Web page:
COLUMN: In business, the only constant is change

The retail industry is shifting dramatically, and a story by Black Press Media reporter Tom Zytaruk – which was published in last Friday’s Peace Arch News – rekindled memories of how change is not a new thing. It’s a constant.

The story talked about a number of store closures in Surrey by several big companies that have either downsized or gone out of business entirely in recent years. It began with the closure of the Rona store in Newton, one of a number across the country shut down by the company. It closed permanently on Jan. 26.

Many years ago, that particular store was known as Lumberland. It was part of a local chain of building material and hardware stores, and was quite successful. The combined buying power of a group of stores and their larger size, as opposed to the smaller stores of their individually-owned competitors, gave the chain a number of advantages.

In 1980, their stores and many other retailers were facing a number of challenging circumstances. Sky-high interest rates, high unemployment numbers, increased competition from U.S. retailers and a number of other factors were putting on a lot of pressure.

There was an opportunity though, and it came from an unlikely source – the provincial Social Credit government. The party was long known for a conservative approach to laws regulating business, particularly when morality could be involved. The party had changed under former premier Bill Bennett. Provinces had options as to how they administered the federal Lord’s Day Act, which restricted most businesses from opening Sundays. Sunday shopping presented an intriguing possibility.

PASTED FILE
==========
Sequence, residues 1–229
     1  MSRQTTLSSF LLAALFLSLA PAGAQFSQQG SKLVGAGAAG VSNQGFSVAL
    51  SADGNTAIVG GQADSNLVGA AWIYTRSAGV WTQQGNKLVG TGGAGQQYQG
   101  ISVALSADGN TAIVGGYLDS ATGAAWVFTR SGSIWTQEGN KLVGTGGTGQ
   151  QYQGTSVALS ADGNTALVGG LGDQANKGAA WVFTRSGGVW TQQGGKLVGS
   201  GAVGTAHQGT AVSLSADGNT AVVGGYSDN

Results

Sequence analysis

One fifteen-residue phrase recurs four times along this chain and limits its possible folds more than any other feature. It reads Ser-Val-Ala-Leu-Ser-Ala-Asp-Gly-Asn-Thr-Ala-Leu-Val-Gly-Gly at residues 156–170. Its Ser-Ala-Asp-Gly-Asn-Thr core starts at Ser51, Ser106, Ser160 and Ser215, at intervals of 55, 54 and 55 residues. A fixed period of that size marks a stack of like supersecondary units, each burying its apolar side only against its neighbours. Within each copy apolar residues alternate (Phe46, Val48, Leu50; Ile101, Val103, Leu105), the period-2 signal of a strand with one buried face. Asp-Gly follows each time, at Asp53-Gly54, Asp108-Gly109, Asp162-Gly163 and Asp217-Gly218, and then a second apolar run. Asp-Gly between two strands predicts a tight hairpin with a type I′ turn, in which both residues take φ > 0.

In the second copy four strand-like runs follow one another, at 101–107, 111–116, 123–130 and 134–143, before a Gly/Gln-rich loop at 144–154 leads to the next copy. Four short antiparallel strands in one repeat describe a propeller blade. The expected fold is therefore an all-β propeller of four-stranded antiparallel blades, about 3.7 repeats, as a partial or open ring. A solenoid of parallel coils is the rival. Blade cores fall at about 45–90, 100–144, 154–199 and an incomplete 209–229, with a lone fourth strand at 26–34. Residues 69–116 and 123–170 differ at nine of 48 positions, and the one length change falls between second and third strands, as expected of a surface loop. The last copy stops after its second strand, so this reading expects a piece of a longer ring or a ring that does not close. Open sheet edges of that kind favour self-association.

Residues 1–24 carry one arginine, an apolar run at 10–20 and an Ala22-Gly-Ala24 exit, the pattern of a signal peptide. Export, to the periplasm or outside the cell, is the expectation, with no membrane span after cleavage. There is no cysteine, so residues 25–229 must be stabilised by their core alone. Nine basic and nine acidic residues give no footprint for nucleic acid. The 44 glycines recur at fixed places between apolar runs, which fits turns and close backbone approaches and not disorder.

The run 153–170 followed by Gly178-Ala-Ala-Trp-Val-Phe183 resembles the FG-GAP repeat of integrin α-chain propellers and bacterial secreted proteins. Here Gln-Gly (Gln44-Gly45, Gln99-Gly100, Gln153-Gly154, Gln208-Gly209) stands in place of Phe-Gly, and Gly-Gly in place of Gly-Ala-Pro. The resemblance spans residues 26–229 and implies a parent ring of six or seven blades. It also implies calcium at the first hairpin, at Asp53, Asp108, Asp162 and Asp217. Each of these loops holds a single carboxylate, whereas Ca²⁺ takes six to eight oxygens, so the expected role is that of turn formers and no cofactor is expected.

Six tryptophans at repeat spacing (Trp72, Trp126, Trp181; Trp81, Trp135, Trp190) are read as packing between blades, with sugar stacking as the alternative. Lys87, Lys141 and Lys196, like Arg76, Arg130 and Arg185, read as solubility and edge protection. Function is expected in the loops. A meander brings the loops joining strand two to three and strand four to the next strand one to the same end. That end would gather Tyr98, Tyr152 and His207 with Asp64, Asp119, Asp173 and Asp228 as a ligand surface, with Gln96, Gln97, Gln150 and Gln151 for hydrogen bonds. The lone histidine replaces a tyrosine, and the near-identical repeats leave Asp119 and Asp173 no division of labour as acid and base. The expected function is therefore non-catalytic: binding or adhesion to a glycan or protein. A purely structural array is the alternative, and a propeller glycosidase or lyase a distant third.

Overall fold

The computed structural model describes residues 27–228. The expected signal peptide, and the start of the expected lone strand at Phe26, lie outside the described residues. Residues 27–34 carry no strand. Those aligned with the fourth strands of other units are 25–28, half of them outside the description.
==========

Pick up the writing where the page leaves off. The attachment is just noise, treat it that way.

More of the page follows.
The Bennett government passed a law saying that it would be up to local municipalities to decide if they were ready to allow Sunday shopping, and that citizens had to approve that idea in a referendum.

In those days, Surrey had local elections every year, with half of council elected for two-year terms. Surrey council decided to put the matter to referendum in the November 1980 election.

Lumberland and many other retailers jumped on board and placed a flood of advertising urging people to vote for open Sundays. Other groups argued for the status quo.

The election, which did not include a race for mayor (which usually boosted turnout), saw more than 40 per cent of Surrey voters show up at the polls, a high-water mark that, to the best of my knowledge, has not been achieved since that time. Sunday shopping was approved, and is now so accepted that people can hardly believe that at one time it was forbidden.

That’s how business changes. Sunday openings have given retailers some additional advantages – and challenges. Now, online retail is creating other challenges. Online competition is a reality for all businesses, from publishing to the taxi industry.

It is not easy running a business – big or small. Change is inevitable, and businesses constantly have to adjust. The latest round of store closings is simply a part of that ongoing adjustment.

Frank Bucholtz writes Wednesdays for Peace Arch News, as well as at

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